The Press and Slavery in America, 1791-1859
The Melancholy Effect of Popular Excitement
This volume examines news accounts of five major slave rebellions or conspiracies: Gabriel Prosser's 1800 Virginia slave conspiracy; the 1811 Louisiana slave revolt; Denmark Vesey's 1822 slave conspiracy in Charleston, South Carolina; Nat Turner's 1831 Southampton County, Virginia, slave revolt; and John Brown's 1859 Harper's Ferry raid. Gabrial situates these stories within a historical and contextual framework that juxtaposes the transformation of the press into a powerful mass media with the growing politicaldivide over slavery, illustrating how two American cultures, both asserting claims to founding America, devolved into enemies over slavery.
What the nineteenth century press reveals in this book are discourses—ways of thinking and expression—that have retained resonance in contemporary race relations and American politics. They connect to ideas about the press and technology, changing journalistic practice, and, importantly, the destruction wrought by the dysfunction of the nation's political parties.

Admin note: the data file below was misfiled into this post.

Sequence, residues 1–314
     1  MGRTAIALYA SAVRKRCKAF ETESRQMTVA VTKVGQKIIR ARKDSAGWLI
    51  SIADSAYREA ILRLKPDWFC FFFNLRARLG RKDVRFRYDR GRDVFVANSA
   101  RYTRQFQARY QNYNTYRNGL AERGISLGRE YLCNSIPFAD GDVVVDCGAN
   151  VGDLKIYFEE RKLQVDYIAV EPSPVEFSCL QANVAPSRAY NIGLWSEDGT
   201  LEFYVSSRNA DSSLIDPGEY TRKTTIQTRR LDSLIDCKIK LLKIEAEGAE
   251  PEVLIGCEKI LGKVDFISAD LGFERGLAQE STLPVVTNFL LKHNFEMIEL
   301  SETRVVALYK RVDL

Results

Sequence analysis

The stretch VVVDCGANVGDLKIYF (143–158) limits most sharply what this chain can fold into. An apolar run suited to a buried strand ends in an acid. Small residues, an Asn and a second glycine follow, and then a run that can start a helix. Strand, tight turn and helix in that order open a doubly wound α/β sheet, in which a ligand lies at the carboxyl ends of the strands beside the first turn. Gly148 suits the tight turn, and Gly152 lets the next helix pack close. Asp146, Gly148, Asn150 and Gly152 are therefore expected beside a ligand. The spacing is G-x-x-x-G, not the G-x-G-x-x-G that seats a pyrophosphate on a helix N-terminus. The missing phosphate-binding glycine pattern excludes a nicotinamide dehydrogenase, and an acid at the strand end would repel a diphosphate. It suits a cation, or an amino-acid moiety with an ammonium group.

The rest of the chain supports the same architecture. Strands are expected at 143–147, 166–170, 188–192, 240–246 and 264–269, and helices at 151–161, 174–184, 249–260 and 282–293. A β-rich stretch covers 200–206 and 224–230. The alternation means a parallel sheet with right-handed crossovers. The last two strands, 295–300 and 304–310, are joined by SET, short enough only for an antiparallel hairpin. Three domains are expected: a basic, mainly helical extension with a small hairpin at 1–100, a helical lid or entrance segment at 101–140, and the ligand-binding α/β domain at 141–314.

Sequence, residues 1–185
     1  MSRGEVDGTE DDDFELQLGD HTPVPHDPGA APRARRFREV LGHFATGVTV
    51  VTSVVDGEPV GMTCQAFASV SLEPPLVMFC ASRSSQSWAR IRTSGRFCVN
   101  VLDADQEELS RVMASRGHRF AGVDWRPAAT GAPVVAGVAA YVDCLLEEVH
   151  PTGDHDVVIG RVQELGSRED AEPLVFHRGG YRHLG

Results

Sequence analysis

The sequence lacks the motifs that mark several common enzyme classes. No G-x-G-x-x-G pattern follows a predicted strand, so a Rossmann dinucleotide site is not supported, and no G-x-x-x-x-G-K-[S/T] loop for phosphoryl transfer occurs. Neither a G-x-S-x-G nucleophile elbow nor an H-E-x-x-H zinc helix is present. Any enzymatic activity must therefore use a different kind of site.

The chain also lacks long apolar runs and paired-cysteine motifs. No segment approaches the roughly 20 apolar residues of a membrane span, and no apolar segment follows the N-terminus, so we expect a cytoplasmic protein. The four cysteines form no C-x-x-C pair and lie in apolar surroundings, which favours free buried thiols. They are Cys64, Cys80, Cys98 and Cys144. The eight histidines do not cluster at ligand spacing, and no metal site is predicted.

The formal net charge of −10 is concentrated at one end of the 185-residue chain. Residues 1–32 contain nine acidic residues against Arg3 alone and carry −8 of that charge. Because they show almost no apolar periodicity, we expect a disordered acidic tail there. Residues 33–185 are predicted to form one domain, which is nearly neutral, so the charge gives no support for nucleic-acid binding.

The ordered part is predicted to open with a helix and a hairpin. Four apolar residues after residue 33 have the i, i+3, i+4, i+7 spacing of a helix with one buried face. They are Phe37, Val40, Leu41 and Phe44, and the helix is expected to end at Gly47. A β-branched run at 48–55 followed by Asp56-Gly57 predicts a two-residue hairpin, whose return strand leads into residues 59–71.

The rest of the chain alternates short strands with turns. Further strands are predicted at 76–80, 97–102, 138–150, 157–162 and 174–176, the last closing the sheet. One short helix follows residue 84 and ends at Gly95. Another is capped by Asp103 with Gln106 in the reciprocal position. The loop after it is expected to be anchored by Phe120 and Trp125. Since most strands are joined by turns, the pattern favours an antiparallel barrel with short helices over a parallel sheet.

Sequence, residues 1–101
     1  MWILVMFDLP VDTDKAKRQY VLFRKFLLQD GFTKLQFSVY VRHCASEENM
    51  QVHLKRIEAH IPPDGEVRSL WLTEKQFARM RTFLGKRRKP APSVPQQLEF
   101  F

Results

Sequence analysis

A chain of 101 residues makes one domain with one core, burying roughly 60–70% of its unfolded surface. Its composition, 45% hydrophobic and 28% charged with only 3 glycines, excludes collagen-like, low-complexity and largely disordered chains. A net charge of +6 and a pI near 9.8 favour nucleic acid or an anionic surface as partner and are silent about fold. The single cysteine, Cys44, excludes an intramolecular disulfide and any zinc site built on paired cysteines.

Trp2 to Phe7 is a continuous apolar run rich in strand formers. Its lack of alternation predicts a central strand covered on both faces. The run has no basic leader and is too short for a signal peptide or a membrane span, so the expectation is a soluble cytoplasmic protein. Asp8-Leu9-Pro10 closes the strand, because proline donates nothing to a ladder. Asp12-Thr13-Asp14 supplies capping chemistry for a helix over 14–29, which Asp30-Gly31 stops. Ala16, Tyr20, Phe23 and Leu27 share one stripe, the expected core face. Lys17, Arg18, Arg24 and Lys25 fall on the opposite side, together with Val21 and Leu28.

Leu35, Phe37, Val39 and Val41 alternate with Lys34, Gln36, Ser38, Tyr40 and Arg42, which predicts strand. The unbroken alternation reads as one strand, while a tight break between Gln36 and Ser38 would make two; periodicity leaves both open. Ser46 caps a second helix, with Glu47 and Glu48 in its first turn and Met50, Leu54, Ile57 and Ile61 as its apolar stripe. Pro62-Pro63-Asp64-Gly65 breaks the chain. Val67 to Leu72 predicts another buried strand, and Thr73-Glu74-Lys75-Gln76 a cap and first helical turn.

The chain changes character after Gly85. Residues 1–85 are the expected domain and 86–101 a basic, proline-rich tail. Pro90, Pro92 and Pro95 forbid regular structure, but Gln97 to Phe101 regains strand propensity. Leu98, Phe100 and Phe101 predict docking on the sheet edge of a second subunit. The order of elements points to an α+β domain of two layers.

"Gabrial successfully shows how the news media of the 19th century shaped national and local understandings of slavery, racial ideologies, and resistance to human bondage by both black slaves and white and black abolitionists. This is an important book that crosses disciplinary boundaries, informing scholars of slavery and journalism about how their fields interacted."—Paul Finkelman, Ariel F. Sallows Visiting Professor of Human Rights Law, University of Saskatchewan College of Law and Senior Fellow, University of Pennsylvania Program on Democracy, Citizenship, and Constitutionalism
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